1-1/2 lbs. of overdrive anarchy.
The Ibanez TS9 Tube Screamer is a reissue that's just like the original in so many ways. Same factory, same components, same housing, same famous seasick-green paint, and the same crankin' overdrive that made the original one of the all-time classic pedals. Guitar Player called it the best. Plug it in. Crank it up. You'll hear what all the fuss is about. Tone, drive, and level controls.
Just like the DS-1, I got this pedal because it seems like the most popular overdrive pedal. Now, having experience with the pedal, I can say that I really like the sound. In my opinion it gives the perfect tone and crunch to the sound I want. My settings are just like how all the old guys did it. I have the drive rolled back, and a boosted level. It's great!
my fav pedal, Great pedal for anything, best for pushing amps and amazing for blues, all my fav artist use them they r awesome
The only and almighty ts9, I play it with the drive control all way down to get that sweet bluesy sound, or all way up to do rock! Very useful to get "that" sound with and hybrid amp.
I use it more as a boost than my main overdrive, but sounds really nice either way. Turn the drive up and you get a really thick distortion, keep the drive low and you get a simple well-rounded gain boost. Not leaving my pedalboard anytime soon.
There's a reason many famous guitarists use this pedal. The sound is really amazing. I would describe it as an overdrive pedal, rather than a distortion pedal. I can get nice, subtle overdrive out of it, and then crank up the drive to get some great heavy overdrive perfect for lead. I'm pretty sure I'll never replace it, however I have thought often of adding another to it, so that I have both my favorite settings ready to go during live performances.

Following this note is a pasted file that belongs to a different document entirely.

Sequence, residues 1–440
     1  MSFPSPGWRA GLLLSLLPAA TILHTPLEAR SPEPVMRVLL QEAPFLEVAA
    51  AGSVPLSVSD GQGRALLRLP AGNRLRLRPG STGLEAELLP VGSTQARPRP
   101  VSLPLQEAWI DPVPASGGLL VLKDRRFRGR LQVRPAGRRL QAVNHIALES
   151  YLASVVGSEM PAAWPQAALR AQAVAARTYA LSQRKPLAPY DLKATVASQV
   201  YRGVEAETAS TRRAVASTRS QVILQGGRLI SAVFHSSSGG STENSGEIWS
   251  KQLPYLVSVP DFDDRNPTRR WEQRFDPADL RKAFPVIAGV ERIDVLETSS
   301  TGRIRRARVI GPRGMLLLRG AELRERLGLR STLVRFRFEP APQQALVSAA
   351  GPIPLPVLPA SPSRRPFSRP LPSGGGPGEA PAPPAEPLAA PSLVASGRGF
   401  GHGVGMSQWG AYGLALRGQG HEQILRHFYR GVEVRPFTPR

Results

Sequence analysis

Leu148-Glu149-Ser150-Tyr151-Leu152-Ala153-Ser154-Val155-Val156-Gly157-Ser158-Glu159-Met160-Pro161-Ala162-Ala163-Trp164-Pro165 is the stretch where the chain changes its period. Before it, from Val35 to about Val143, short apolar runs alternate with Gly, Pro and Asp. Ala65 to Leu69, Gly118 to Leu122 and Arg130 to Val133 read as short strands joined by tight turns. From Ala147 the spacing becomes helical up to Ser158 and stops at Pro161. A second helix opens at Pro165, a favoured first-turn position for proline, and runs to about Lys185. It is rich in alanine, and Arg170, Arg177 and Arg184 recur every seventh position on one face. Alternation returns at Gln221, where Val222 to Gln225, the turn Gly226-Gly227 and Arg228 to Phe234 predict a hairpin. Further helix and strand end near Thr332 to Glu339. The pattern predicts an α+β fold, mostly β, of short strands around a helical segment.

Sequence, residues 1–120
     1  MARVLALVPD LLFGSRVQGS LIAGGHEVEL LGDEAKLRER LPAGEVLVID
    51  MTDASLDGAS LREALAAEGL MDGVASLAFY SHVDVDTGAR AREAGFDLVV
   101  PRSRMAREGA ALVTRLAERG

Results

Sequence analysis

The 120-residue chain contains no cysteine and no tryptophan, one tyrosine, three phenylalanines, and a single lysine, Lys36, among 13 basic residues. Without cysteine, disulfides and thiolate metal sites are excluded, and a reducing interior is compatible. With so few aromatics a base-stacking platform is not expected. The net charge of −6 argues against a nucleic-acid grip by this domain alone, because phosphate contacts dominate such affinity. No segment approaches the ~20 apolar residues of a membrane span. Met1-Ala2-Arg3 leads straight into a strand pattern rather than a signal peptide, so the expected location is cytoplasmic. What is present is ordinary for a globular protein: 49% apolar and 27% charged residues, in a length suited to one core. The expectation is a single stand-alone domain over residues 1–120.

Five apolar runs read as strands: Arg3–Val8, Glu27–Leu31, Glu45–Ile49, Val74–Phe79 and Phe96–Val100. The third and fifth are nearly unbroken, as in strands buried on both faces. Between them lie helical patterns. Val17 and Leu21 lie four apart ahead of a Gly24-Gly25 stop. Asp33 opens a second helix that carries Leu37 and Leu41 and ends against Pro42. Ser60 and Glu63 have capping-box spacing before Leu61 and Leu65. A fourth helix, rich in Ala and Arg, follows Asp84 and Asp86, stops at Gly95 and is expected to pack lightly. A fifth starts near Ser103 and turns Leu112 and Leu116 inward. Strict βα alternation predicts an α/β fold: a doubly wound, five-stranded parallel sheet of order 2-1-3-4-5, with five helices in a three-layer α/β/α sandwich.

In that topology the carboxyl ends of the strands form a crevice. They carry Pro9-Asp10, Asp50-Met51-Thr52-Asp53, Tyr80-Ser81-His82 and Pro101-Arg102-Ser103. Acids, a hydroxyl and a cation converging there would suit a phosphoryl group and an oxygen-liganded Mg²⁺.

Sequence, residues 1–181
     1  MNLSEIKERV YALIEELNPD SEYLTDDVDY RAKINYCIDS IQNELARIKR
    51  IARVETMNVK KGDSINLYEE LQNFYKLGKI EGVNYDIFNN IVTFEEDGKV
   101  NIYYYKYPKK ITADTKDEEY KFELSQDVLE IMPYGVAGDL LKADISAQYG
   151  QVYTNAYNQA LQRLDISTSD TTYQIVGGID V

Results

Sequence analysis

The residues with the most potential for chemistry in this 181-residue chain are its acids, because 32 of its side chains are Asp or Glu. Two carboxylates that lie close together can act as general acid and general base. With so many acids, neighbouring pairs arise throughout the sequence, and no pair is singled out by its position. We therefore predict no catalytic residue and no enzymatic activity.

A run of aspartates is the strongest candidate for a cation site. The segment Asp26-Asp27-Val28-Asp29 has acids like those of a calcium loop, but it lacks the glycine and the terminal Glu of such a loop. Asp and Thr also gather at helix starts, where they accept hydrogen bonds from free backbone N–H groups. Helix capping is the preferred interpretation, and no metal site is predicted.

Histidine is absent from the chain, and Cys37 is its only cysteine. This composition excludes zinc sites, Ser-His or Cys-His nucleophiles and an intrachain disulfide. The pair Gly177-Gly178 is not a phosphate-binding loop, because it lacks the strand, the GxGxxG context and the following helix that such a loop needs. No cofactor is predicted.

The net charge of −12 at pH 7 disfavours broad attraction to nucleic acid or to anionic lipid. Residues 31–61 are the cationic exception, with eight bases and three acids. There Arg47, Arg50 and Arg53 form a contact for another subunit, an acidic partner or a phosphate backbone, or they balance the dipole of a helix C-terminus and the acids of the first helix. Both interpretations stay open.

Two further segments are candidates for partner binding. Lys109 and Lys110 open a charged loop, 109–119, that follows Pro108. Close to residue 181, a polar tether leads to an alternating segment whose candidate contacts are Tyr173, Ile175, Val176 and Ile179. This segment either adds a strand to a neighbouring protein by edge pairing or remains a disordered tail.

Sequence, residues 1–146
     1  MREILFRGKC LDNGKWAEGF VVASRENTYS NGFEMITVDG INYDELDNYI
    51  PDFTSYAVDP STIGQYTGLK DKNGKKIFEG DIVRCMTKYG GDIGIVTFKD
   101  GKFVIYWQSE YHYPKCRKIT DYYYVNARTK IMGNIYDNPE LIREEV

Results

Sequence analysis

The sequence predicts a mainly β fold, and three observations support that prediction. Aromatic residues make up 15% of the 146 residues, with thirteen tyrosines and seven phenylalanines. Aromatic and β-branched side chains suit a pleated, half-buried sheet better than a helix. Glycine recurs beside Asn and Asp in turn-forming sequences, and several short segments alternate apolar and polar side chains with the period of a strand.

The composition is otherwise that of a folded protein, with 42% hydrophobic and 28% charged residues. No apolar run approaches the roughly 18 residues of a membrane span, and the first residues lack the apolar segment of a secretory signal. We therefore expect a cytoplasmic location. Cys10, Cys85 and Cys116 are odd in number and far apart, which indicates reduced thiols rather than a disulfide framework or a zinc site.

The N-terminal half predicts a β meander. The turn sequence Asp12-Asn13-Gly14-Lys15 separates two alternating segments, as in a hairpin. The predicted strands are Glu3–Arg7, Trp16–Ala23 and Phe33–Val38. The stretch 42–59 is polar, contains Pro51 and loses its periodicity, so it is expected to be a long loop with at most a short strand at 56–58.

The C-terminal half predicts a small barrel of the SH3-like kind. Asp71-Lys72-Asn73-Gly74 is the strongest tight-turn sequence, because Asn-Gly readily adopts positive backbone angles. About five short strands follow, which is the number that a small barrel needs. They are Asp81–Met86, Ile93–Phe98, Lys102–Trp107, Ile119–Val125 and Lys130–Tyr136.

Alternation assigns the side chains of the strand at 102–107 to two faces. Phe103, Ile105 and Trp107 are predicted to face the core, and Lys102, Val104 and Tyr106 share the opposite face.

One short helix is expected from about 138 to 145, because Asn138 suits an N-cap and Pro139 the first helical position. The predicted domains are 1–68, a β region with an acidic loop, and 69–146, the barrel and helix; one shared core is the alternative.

Who hasn't owned a TS9 Tubescreamer? I had an Maxon-made original issue TS9 before I got sick of tubescreamers. It sounded like a tubescreamer should.
The TS9 is a bit gainier than the 808 that preceeded it, but a little less gainy than a TS10 or the reissue TS9. If you really listen while staring at your gain knob settings you can barely notice the difference! From what I can tell the TS808 and TS9 were copied from Boss's OD1 only with a high-cut tone control added and the diodes switched to symmetrical clipping (because Boss supposedly had the asymetrical clipping idea pantented at the time). There are a few other component differences that give this pedal slightly stronger bass and a mid-hump that favors the lower, rather than upper mids. The clipping and mid-range bias really suit Fender single coil pickups and Blackface fender amps, but a TS9 sounds cool through a marshall or a vox as well (though I prefer the Boss SD1 for this application usually).